SPRINGFIELD, Mo. — For the first time, the Springfield Conservation Nature Center is allowing archers to hunt on its grounds.
It’s a three-day managed hunt in an effort to reduce the herd of urban deer.
The six hunters, who were randomly selected out of 75 back in July, will be allowed to hunt a total of 18 deer from elevated tree stands on the nature center’s 79 acres.
“A lot of people don’t realize they need management until it’s too late. Until populations are so high. It’s a struggle to get those populations down,” says Ashley Schnake, Missouri Department of Conservation Urban Life Biologist.
Conservation experts say the managed hunt is one component of a city-wide strategy to control Springfield’s urban deer population which is triple the size it should be.
“We’re doing it for the health of the deer. Once deer reach a certain population, we have biological controls such as sickness or starvation that come in to help control our deer population.”
Linda Chorice is the nature center’s manager and says there has to be a balance between the number of deer that are present and the number of deer that a habitat can support.
“Healthy deer populations require management. When there are too many deer, it not only affects the deer but also all kinds of wildlife,” explains Chorice.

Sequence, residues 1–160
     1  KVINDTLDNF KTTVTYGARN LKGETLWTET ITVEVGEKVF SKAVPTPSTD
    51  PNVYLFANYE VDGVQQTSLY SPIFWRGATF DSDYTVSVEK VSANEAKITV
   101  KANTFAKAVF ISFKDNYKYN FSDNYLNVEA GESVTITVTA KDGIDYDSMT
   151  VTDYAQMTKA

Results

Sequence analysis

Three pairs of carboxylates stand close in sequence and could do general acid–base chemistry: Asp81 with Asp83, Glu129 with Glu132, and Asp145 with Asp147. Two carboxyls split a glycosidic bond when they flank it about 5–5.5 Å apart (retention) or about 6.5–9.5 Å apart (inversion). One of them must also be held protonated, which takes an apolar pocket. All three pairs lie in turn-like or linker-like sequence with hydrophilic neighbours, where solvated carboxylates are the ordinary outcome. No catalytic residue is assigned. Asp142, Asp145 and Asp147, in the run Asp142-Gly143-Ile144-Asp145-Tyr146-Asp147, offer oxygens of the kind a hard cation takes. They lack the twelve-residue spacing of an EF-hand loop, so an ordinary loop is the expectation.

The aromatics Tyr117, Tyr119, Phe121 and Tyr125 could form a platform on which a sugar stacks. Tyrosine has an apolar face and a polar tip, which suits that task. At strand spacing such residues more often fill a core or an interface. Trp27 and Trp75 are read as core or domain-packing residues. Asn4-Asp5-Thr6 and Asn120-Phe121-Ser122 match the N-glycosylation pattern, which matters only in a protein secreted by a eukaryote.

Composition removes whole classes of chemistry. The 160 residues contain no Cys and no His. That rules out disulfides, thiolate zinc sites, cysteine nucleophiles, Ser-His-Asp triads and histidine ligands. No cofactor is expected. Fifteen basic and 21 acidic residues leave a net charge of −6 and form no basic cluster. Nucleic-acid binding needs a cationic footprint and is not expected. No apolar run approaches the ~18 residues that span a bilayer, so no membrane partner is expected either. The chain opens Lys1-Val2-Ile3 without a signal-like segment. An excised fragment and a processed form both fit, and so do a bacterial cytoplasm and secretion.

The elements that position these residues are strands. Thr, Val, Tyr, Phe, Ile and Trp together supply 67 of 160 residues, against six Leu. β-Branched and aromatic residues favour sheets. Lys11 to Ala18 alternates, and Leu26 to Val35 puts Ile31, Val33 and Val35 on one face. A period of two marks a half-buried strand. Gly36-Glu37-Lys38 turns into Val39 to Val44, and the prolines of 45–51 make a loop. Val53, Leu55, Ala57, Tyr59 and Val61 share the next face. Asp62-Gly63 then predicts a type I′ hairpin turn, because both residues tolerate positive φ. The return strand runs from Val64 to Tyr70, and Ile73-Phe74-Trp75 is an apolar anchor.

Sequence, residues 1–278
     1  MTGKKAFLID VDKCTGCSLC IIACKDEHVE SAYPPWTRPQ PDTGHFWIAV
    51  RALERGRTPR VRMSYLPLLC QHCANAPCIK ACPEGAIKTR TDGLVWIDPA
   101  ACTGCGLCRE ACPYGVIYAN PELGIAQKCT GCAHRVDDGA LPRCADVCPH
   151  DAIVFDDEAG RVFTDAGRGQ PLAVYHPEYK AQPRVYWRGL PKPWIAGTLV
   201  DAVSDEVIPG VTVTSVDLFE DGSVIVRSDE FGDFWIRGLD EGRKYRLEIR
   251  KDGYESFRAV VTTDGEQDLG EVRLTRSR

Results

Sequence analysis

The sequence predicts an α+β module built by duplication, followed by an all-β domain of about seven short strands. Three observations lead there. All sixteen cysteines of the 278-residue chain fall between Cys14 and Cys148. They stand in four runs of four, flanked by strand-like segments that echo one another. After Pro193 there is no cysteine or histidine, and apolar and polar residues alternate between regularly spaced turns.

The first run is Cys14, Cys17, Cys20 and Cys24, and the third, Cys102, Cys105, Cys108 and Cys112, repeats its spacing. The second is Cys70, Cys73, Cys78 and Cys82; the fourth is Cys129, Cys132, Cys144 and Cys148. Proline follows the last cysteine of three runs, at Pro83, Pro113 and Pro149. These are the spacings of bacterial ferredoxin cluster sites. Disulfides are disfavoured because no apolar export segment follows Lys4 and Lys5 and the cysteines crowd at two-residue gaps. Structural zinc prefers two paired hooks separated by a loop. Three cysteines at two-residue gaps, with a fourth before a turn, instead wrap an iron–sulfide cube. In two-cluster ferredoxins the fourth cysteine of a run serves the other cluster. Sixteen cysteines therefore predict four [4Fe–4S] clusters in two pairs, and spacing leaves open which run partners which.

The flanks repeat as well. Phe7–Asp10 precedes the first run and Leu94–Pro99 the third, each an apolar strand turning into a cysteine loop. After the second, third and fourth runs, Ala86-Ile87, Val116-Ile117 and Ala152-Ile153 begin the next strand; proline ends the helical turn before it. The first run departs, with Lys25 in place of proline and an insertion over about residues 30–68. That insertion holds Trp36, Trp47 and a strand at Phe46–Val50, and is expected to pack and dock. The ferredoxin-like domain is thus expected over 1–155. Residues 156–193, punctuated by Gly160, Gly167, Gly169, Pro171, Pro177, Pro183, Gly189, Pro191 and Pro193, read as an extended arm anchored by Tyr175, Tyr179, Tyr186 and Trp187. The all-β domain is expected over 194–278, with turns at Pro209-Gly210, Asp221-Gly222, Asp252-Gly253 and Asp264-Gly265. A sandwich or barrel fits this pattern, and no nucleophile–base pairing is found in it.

Each hunter is allowed to harvest up to three deer.
“So a hunter is just acting like a predator on the landscape in helping to keep those numbers down. So we’re not having a bunch of deer dying from illness or starvation,” says Schnake.
Josh Romo was one of the six randomly selected to hunt this weekend and told KOLR10, “My family – we don’t actually buy a whole lot of meat from the store. A lot of it comes from hunting. So I’m a big proponent from woods-to-table sort of speak.”
Romo says the managed hunt is good for the deer population.
“They know it’s not just a hunting opportunity for them. They know they are assisting Springfield with the urban deer management,” explains Schnake.
“It’s a good feeling to know that you can help the ultimate goal helping the long-term health of the herd,” says Romo.
Conservation experts say the managed hunt is set to take place annually until they can get deer populations down.
The Springfield Conservation Nature Center’s hiking trails will be closed through Monday.